Why It’s Good for Teachers & Parents: The Book Whisperer contains loads of practical tips for generating a love for reading in the classroom. There are surveys in the appendix and many examples of strategies Miller uses to develop lifelong readers. Topics in the book include Miller’s own views as a lifelong reader, practical ideas for the classroom, passages from students, and scenes from Miller’s experiences in the classroom developing lifelong readers. Chapter titles include “Everybody is a Reader,” “There’s a Time and a Place,” “Reading Freedom,” and “Cutting the Teacher Strings.”

Needless to say, this book is refreshing, and definitely shifted my thinking about developing readers in the classroom even more. I am inspired and excited about Miller’s ideas and perspective, and am looking forward to her brand new book that has just been released, called Reading in the Wild: The Book Whisperer’s Guide to Cultivating Lifelong Reading Habits (2013).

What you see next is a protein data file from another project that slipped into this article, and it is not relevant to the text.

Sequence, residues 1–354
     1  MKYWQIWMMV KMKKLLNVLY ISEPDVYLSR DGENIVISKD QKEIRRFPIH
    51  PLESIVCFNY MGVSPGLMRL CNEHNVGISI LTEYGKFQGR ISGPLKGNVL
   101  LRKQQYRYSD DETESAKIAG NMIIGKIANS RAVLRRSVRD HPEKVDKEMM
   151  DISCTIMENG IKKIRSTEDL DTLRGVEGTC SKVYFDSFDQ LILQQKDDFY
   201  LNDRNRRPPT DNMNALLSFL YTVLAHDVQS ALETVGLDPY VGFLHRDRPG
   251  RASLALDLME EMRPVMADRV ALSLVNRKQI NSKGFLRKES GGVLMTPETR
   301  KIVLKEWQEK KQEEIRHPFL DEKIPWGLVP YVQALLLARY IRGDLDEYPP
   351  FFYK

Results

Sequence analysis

The Final Word: As a teacher and researcher of children’s literature, I loved this book! Many of Miller’s ideas about nurturing a love of reading in her students were similar to mine, but the way she carries these ideas out practically in her classroom introduced new strategies to me. Though my own 6th graders would have 25-30 minutes of reading every day in class, Miller’s points about giving students time to read reinforced to me that this is a non-negotiable when it comes to planning the day. This is now one of my top books related to nurturing readers, and I think it should be required reading for every language arts and English teacher!